#12 Mjx

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Posted 29 January 2013 - 09:35 AM

I may have misssed this, but where are you moving to? Just generally (i.e. continent or general region); I don't mean to pry!

But eG members are pretty international, and someone may be able to give useful specifics about which things are not just expensive, but mind-bendingly expensive in that region (so, probably worth shipping what you have), or surprisingly cheap. For example, I'm mostly in Denmark, where OXO tools easily cost USD20 and up for the simplest gadgets, while glass ceramic cooktops, the default cooktop here, can be found at pretty much all price points, since the market is so competitive (plus, we find a lot of things at great prices though online sellers in other EU countries).

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#13 Lisa Shock

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Posted 29 January 2013 - 10:35 AM

Good point about the oven, in some countries regular houses and apartments simply don't have them.

#14 mskerr

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Posted 29 January 2013 - 11:13 AM

I may have misssed this, but where are you moving to? Just generally (i.e. continent or general region); I don't mean to pry!

But eG members are pretty international, and someone may be able to give useful specifics about which things are not just expensive, but mind-bendingly expensive in that region (so, probably worth shipping what you have), or surprisingly cheap. For example, I'm mostly in Denmark, where OXO tools easily cost USD20 and up for the simplest gadgets, while glass ceramic cooktops, the default cooktop here, can be found at pretty much all price points, since the market is so competitive (plus, we find a lot of things at great prices though online sellers in other EU countries).


Probably New Zealand. I lived there before for about a year, and was surprised, though I'd been forewarned, how much more things cost in the US. (Not just food-wise. Like, even a basic t-shirt can cost 10-20 times more.) And when I got back to the States, I couldn't believe how cheap things were. NZ beer and wine is cheaper here in the US than in NZ (of course, their govt health-care factors into this, whereas in the US, you're on your own when your liver's shot). Of course there are many pluses about NZ - you can get a lot of fruit for just about nothing, all the wild boar and venison you could eat if you know hunters, you can go out and get quite a bit of your own seafood, and the meat and dairy is, generally speaking, way higher quality than in the US, Marmite's a lot cheaper :smile: ... Plus there's the famous laid-back Kiwi attitude, more prevalent some places than others of course - so at least in the circles I hang out in, no one feels the need to put on a big impressive dinner with fancy ingredients. Some lamb steaks and beer and a loaf of white bread and everyone's happy. Not to mention the awesome $2.50 meat pies, pavlova... many great things. BUT, decent kitchen equipment will cost a helluva lot more I imagine, aside from the odd yard-sale find/ hand-me-down/etc. Ex: my brief research online is showing NZ$410 for a Lodge 4.2L cast iron dutch oven. Which would probably cost under $50 in the States. A MINI food processor is NZ$150, and an 11-cup one is $NZ650. In the US, it's $40 and $150, respectively.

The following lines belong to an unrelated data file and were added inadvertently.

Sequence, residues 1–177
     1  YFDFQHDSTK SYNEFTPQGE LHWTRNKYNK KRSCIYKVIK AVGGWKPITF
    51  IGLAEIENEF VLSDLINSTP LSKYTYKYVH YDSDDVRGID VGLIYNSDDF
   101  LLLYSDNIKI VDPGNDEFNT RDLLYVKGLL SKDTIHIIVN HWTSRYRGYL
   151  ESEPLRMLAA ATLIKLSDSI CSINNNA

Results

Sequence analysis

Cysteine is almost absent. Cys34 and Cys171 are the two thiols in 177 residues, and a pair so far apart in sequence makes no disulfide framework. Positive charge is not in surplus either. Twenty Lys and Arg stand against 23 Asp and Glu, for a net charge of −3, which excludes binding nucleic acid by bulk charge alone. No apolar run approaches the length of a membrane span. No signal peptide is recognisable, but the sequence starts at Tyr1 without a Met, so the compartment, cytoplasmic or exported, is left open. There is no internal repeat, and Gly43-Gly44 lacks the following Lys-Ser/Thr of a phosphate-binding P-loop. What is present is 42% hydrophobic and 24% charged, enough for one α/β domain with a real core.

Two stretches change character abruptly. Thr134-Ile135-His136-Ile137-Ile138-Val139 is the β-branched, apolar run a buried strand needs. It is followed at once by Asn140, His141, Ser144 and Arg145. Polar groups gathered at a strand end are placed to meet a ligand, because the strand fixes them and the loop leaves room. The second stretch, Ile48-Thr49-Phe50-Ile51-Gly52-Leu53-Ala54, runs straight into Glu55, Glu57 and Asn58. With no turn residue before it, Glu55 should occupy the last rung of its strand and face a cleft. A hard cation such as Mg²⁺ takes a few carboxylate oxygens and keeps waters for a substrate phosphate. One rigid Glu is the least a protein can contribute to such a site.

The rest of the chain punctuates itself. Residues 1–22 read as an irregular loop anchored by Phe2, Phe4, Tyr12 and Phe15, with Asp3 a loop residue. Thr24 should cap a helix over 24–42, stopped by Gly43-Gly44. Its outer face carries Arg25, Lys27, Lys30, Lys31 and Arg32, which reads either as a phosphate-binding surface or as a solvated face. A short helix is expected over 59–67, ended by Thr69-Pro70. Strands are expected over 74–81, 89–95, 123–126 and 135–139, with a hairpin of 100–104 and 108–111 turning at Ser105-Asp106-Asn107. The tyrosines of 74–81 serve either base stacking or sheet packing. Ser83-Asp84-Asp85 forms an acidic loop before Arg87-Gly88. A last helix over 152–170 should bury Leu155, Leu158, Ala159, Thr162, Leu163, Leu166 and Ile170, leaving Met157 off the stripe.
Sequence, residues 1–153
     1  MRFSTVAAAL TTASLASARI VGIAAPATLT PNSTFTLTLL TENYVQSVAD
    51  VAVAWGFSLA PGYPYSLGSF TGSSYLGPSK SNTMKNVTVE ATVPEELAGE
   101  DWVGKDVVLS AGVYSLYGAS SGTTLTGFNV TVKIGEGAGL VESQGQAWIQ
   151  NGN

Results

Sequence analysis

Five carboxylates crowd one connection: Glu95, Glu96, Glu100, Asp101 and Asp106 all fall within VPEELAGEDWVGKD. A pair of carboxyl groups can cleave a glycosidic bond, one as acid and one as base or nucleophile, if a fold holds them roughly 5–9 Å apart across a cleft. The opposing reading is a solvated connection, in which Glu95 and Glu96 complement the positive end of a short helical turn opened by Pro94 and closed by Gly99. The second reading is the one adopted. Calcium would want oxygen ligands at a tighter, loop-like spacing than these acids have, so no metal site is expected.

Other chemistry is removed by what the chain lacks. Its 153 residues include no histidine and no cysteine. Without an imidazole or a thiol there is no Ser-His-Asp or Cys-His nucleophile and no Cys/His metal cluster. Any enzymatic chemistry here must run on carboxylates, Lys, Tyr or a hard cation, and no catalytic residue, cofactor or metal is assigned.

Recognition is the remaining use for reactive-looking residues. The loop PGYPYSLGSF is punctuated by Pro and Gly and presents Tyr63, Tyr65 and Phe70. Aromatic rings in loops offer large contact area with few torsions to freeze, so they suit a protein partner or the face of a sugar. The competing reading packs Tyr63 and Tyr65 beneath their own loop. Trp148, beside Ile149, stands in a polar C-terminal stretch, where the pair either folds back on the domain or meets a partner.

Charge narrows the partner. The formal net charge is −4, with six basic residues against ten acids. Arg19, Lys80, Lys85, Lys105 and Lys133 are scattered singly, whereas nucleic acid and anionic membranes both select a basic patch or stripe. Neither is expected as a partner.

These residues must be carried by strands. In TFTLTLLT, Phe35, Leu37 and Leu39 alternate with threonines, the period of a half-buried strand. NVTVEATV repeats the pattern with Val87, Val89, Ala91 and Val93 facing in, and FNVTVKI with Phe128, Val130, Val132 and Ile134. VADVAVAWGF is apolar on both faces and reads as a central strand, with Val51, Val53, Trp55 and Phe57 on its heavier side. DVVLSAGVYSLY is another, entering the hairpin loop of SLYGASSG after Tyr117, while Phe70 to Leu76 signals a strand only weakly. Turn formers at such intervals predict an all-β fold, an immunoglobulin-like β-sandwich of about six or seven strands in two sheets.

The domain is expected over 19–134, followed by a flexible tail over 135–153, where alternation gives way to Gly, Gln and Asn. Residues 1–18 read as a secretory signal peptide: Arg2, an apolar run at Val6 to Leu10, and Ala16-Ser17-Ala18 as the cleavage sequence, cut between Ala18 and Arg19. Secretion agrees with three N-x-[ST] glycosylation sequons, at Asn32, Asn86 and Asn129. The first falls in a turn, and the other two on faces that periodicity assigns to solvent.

I suppose another useful thing to mention is that I want to start my own food business eventually, so you can only imagine how much commercial equipment would cost. (Though I would probably check auctions/listings for equipment by a closing restaurant.)

#15 HungryC

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Posted 29 January 2013 - 02:00 PM

Take heart, there is a Craigslist New Zealand.

#16 mskerr

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Posted 29 January 2013 - 06:24 PM

Take heart, there is a Craigslist New Zealand.


I've checked out TradeMe and Sella, but not CL NZ. Will have a look right now.

Edited to add: Well, that didn't take long! One of the sparsest CLs I've ever seen!

Edited by mskerr, 29 January 2013 - 06:26 PM.


#17 Shalmanese

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Posted 29 January 2013 - 07:14 PM

Goods are much more expensive but space is relatively cheaper so what you should be doing is ship as much non-electrical stuff as you can from the US, rent/buy a kitchen big enough to hold it all and then sell everything when you leave. The earnings from selling it should easily defray the cost of shipping.

For electrical goods, the voltage/plug difference means only high value goods like stand mixers or vitapreps would be really worth bringing over.